Finland does not tolerate salmonella

Finland follows a line of zero tolerance as far as salmonella is concerned. Scrupulous checks on animal feed at the bottom end of the food chain dramatically reduce risks further up the chain.

According to the Finnish Food Safety Authority (EVIRA), on average, imports account for about a fifth of all the industrial feed used in Finland. Sinikka Marmo , assistant head of the Department of Agricultural Production Control’s Feed and Fertilizer Control Unit explains that Finland checks everything, including consignments of plant-based feed ingredients from EU countries, such as crushed soybean and turnip rape. One sample per 50,000 kilos is taken for analysis. If any salmonella is found, the contaminated consignments are treated and analysed again before being released for use.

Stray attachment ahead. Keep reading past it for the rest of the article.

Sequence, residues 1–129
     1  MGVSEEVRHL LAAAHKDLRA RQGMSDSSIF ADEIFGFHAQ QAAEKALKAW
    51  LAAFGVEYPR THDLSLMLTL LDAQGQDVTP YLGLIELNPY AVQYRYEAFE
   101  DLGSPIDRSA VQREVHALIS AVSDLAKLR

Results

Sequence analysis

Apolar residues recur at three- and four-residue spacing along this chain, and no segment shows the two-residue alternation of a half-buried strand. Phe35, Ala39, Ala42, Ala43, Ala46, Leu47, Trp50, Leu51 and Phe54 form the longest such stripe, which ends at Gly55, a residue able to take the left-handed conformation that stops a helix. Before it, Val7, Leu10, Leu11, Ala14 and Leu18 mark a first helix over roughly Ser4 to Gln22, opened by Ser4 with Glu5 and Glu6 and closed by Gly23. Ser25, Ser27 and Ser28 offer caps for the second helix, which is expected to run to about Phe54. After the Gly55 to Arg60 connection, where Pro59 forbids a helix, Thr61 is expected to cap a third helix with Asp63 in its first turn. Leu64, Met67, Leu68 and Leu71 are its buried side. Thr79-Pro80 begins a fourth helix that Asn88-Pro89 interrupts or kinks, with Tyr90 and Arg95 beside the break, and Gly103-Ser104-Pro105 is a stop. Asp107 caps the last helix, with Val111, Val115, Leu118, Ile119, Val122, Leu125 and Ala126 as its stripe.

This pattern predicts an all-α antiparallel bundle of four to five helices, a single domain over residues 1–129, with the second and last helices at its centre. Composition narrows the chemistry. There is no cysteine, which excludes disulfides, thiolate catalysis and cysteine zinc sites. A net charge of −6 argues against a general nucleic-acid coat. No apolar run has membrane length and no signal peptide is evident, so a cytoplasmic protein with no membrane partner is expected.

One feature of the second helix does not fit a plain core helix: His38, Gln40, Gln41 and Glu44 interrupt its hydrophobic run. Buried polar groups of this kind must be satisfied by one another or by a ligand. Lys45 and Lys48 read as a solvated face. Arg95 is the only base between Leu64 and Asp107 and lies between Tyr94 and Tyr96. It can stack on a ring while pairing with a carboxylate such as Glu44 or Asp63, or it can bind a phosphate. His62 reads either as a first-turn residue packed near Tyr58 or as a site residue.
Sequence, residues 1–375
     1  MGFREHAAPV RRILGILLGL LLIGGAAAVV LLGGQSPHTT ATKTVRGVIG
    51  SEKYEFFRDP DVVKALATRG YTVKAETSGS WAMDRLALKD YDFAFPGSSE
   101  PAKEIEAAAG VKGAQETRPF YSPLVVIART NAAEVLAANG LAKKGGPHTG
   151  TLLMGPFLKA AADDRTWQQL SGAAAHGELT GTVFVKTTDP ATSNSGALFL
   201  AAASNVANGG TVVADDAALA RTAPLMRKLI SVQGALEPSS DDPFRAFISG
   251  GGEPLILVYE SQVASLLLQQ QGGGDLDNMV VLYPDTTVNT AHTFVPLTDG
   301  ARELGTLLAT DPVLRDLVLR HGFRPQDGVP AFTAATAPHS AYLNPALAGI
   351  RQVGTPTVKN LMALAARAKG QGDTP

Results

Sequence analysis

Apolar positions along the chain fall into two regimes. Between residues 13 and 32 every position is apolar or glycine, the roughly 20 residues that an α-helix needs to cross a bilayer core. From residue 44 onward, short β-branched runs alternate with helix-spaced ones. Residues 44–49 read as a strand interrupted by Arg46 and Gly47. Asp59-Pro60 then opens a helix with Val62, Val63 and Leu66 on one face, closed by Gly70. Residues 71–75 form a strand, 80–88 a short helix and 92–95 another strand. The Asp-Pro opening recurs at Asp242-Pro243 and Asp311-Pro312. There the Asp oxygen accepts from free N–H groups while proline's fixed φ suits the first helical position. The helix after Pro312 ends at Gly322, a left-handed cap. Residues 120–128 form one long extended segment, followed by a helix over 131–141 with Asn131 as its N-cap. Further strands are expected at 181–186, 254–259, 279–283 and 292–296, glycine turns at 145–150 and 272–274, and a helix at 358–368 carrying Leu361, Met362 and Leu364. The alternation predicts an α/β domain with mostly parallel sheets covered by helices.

Finland was one of the first EU countries to begin submitting RASFF (rapid alert system of food and feed) reports on cases of salmonella. Marmo explains that, within the EU, Finland, Austria and Sweden are in the vanguard in promoting awareness of the presence of salmonella in plant-based feed. There is a persistent traditional belief particularly in southern Europe that salmonella is only ever found in animal-based feeds.

Control of feed ingredients combats salmonella in the right place. If salmonella reaches the feed factory, then the game is up for all practical purposes and salmonella can spread to dozens or even hundreds of farms in contaminated batches of feed.